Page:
Last Saturday, I got the train to Winchester for something other than crying over my dissertation!
It was the second annual Hampshire Pride and this year, it was even bigger and better!
Hampshire Pride is a festival celebrating LGBTQIAP+ identities and championing equality and diversity in and around Hampshire. It is an event run by Hampshire LGBT Alliance which includes Hampshire County Council, Hampshire Fire and Rescue, Hampshire Constabulary, Solent NHS Trust and the University of Winchester.
The day kicked off on campus at the University of Winchester with speeches from Co-coordinator Sarah-Louise Collins, Deputy Vice-Chancellor Professor Elizabeth Stuart (who is also the university’s senior diversity champion) and renowned teen vlogger and public speaker about trans issues, Hannah Phillips. All shared some really motivational and powerful words with a crowd of very excited and inspired people and there was a short film shown that was made on campus called ‘What is Love?’.
Next we all assembled outside on the steps for a lovely photograph in which you can really see how the Pride parade has grown in a year. Just look at the numbers!
The march left campus and a sea of rainbow flags, hair colours and clothes walked through Winchester singing, chanting and blowing whistles. There were families and pets, partners and friends all in unison and you could sense the love and kindness in everyone’s hearts as they walked. Some of the shops had put colourful displays and Pride flags up in their windows to show their support which was really lovely!
Here’s what I wore, it was uhh… interesting.
(Note, I am not a fashion blogger. I’ve linked to the product or similar but most is old stuff and out of stock!)
We finished at the Discovery Centre in town where there was a Market with stalls from various local Hampshire groups and charities raising money and awareness of services. After a welcoming speech from Councillor Roy Perry and an entertaining excerpt from How To Love read by author Sally Edwards, everyone had a little boogie and a heartwarming moment as the Southampton Gay Men’s Chorus performed a few tracks. There was also an incredible performance by the Wessex Dance Academy and refreshments outside courtesy of mobile baristas Coffee Cruiser and The Pie Hole, Southampton.
That evening, my friends and I went to The Railway Inn for the Afterparty and we were not disappointed! I opted for something a little classier, which you can see here:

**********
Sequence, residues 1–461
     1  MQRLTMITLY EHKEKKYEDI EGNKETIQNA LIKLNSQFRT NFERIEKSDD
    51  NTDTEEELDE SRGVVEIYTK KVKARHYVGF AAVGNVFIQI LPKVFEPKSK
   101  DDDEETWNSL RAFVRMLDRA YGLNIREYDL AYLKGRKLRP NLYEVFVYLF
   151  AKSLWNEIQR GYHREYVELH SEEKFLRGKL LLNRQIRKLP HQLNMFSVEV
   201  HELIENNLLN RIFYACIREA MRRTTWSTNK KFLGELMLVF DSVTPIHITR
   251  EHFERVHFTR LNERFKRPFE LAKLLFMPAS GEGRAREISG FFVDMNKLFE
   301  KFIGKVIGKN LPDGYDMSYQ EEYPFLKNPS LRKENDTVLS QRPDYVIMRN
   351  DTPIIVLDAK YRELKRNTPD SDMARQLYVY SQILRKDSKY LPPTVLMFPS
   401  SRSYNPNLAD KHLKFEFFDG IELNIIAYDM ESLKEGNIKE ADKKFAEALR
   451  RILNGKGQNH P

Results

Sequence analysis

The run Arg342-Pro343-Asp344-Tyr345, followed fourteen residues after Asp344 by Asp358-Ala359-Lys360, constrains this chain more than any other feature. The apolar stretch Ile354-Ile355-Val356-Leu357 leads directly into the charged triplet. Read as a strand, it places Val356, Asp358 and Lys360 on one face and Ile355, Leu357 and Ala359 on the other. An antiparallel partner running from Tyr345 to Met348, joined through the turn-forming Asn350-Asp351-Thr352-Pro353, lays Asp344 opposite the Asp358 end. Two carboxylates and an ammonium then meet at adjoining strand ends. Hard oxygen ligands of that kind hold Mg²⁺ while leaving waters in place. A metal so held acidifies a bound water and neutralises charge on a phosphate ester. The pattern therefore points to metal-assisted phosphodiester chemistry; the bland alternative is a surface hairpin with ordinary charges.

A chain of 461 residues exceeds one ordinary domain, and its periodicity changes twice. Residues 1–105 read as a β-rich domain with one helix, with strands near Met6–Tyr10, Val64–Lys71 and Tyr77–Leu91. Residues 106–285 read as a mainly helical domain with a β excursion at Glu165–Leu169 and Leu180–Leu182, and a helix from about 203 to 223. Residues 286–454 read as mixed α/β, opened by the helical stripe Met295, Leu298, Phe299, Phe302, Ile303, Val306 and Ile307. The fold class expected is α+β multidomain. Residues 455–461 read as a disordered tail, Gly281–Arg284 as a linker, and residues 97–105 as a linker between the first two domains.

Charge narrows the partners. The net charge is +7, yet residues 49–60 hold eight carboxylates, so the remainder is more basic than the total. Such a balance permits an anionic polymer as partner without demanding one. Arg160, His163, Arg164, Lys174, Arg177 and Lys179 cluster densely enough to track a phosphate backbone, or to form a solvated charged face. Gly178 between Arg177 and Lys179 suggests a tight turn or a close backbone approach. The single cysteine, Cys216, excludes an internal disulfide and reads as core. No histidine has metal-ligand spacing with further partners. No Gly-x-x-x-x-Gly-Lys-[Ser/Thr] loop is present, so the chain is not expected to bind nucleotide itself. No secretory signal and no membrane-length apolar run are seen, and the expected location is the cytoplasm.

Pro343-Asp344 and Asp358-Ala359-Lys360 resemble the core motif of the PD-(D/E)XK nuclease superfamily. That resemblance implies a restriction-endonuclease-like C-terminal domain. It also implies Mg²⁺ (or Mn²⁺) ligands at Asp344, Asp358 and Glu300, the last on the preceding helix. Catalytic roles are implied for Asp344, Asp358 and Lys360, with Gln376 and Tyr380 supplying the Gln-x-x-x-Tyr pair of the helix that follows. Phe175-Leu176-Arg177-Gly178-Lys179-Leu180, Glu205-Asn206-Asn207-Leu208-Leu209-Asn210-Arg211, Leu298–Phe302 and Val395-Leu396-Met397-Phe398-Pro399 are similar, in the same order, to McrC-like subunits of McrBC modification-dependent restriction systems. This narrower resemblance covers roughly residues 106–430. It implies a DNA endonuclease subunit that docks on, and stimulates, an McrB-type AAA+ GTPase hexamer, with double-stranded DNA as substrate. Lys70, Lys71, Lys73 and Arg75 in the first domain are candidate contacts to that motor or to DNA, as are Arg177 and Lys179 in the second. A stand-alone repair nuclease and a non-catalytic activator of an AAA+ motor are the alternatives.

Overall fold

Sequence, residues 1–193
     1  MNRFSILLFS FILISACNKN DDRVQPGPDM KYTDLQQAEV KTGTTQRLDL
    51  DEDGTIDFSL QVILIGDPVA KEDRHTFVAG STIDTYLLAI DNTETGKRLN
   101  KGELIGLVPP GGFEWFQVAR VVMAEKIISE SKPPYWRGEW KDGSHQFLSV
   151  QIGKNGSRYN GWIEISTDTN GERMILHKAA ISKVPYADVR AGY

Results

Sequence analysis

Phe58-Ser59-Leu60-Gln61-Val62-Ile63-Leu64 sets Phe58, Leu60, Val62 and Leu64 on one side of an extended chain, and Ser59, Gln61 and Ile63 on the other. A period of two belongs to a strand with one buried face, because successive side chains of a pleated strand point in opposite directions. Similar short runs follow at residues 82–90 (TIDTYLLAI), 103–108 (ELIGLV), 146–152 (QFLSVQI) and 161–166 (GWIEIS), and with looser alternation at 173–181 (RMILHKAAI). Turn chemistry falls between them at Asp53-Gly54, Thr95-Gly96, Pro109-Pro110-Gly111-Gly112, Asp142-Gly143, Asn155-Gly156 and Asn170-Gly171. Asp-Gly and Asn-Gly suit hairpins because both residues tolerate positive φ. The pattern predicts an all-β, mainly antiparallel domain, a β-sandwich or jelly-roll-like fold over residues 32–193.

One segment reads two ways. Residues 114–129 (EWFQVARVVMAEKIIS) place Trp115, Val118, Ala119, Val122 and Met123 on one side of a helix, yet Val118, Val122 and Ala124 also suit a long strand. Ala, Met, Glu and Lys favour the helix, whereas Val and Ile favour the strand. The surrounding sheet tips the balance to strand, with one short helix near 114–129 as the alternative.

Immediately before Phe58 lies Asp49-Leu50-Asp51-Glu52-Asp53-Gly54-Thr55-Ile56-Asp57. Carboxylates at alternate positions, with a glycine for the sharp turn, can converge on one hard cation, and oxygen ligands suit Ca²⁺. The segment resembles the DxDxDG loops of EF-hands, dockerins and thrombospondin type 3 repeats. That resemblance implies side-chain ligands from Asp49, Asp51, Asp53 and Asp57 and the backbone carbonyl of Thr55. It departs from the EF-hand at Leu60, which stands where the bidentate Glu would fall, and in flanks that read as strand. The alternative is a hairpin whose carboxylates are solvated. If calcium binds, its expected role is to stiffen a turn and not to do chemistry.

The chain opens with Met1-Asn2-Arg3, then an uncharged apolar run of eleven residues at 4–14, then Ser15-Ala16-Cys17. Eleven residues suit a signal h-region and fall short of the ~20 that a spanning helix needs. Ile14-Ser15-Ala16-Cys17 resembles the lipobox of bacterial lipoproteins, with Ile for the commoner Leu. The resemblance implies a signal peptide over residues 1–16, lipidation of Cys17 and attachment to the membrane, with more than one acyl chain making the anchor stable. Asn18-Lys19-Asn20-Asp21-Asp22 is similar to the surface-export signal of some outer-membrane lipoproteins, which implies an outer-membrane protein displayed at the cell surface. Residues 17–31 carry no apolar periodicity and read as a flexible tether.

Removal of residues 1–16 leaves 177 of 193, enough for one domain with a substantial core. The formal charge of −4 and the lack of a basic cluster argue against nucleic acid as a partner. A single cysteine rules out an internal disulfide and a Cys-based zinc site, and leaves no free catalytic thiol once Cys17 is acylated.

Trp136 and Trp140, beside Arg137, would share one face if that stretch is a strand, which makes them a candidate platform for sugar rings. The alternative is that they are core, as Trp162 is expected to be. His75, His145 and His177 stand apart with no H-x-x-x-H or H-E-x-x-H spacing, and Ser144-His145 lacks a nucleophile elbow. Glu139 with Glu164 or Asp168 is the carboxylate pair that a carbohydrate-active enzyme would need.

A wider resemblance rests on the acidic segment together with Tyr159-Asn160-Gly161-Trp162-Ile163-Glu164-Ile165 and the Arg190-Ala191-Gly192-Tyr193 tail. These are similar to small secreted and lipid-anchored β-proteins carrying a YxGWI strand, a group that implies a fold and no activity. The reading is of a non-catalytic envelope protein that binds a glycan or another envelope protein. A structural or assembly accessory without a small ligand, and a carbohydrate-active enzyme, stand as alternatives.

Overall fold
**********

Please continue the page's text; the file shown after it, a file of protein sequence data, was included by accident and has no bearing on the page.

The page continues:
Upstairs we watched a Cabaret show compered by the glamourous and funny Spotlight Vocal Duo and we were treated to performances from catty and sparkly Portsmouth drag queen Cherry Liquor, comedian and lip synch maestro Harold and melodic rapper and singer Paul Andreas.
My absolute favourite performance came at the end of the night in the form of London drag king, Adam All. Adam is a metrosexual cheeky chap with a really impressive array of suits, beatboxing skills and some hilarious musical numbers. Oh, and some rather impressive abs. I managed to get a chat to his parents as they were sat next to us and ‘hadn’t been allowed’ to go to show before (its a bit rude) and I was pleased to see them supporting, taking pictures and cheering him on in the front row. He’s definitely a new celeb crush of mine and he was featured in BBC Newsbeat’s documentary ‘Drag Kings of the UK’ which you can watch here.
After the Cabaret finished, we went downstairs where local student DJ George Nott kept us dancing til the early hours with some camp classics and chart toppers. We had so much fun and it was such a great day to celebrate being who you are with other friendly people!
Have you been to a Pride event before?
Were you at Hampshire Pride?
Let me know and leave me links in the comments below.
If you liked this post, you should check out:
Why I Never Really ‘Came Out’ – I talk about being pansexual and my experiences
Queer Bloggers Network – Jess, Zoe and I have started a community to share content and support those with LGBTQIAP+ identities in the creative industry
My Queerness Erased – A piece I wrote for Zusterschap about ‘straight passing’ and my queer identity